Access to affordable energy for basic needs, as well as for national economic development, is a crucial concern for Least Developed Countries. Access to modern and sustainable energy services in rural areas, where the majority of the population is living in poverty, is a particularly urgent challenge, and one which has only recently been recognized as crucial within the global development agenda.
The current dominant development model, focused on achieving macroeconomic growth, gives priority to large-scale or centralized energy infrastructures for national growth or for meeting the demands of urban dwellers. Policy processes in most sub-Saharan African countries often fail to prioritize modern and sustainable energy services at the local level as a means to achieving economic growth at the national level.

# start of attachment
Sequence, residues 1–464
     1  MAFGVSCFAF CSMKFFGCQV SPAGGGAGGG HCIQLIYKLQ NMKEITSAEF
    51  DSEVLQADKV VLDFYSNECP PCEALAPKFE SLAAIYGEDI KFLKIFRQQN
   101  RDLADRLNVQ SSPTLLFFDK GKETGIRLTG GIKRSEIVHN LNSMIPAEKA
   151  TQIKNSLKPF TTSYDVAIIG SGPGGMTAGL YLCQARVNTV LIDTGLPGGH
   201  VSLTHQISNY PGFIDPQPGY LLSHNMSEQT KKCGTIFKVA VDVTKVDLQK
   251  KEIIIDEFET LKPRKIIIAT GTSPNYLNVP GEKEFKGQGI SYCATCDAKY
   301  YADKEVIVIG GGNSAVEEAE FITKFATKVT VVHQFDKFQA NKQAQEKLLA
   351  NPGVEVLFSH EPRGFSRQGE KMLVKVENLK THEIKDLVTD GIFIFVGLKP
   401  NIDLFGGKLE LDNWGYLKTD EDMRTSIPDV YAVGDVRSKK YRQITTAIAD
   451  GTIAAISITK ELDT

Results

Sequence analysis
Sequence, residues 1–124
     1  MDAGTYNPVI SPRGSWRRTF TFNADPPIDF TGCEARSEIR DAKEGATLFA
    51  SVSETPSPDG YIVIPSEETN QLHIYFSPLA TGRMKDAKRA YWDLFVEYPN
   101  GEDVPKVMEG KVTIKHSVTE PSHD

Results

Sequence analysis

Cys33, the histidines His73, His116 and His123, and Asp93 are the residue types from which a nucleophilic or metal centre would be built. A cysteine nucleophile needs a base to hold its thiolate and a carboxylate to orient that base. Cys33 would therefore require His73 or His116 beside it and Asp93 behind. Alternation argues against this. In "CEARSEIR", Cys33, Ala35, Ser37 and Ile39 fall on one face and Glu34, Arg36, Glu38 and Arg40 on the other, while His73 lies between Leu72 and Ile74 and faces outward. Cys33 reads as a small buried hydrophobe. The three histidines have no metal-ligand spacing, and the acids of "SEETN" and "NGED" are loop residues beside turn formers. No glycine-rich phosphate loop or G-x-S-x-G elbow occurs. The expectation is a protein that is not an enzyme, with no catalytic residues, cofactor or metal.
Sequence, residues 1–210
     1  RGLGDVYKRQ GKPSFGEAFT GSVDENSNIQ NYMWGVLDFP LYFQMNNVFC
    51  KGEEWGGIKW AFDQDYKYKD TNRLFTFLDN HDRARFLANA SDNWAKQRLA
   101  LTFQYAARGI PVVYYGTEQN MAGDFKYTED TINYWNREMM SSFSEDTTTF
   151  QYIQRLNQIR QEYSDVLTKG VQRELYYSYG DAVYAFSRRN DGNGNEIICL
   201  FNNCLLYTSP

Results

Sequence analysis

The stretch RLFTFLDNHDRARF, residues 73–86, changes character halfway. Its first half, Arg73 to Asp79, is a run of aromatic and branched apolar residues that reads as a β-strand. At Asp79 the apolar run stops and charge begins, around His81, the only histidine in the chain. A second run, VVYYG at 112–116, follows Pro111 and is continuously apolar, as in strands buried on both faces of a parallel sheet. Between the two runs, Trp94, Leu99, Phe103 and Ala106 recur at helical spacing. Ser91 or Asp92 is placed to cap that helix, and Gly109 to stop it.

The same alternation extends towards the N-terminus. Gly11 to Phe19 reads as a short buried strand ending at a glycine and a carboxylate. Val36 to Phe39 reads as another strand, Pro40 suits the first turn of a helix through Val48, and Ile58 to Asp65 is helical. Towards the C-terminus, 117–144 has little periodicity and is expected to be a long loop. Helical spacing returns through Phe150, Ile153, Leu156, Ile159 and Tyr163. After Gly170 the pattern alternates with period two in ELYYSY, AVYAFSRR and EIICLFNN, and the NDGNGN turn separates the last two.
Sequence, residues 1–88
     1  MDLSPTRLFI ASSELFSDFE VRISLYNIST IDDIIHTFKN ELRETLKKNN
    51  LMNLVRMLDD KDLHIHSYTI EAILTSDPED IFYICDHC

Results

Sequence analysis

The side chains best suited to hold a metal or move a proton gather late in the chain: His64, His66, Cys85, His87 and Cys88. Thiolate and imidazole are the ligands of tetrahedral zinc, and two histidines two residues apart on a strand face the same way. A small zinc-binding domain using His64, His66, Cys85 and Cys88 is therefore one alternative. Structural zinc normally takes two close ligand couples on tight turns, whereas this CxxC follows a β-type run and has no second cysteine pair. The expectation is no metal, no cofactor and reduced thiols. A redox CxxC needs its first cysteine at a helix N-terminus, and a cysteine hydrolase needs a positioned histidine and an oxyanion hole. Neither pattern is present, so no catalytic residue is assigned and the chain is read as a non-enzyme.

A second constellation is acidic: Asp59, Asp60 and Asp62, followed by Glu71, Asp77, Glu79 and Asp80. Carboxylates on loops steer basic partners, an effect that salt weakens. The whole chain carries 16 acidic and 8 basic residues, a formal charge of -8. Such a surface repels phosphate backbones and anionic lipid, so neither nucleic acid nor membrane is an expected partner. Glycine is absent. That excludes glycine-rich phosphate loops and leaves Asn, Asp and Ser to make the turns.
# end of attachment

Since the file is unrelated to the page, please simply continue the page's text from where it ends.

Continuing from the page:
This study examines the case of Ethiopia to investigate the prospects for mainstreaming sustainable energy access into the development planning process and the implications of this for international development financiers, national policy-makers, private actors and local energy planners. In particular, the paper identifies institutional, financial and policy criteria – related both to state and non-state actors – which are required to integrate sustainable energy access and meet implementation challenges in the Ethiopian rural energy sector.
Based on this analysis, the paper discusses policy implications for other sub-Saharan African countries as well.
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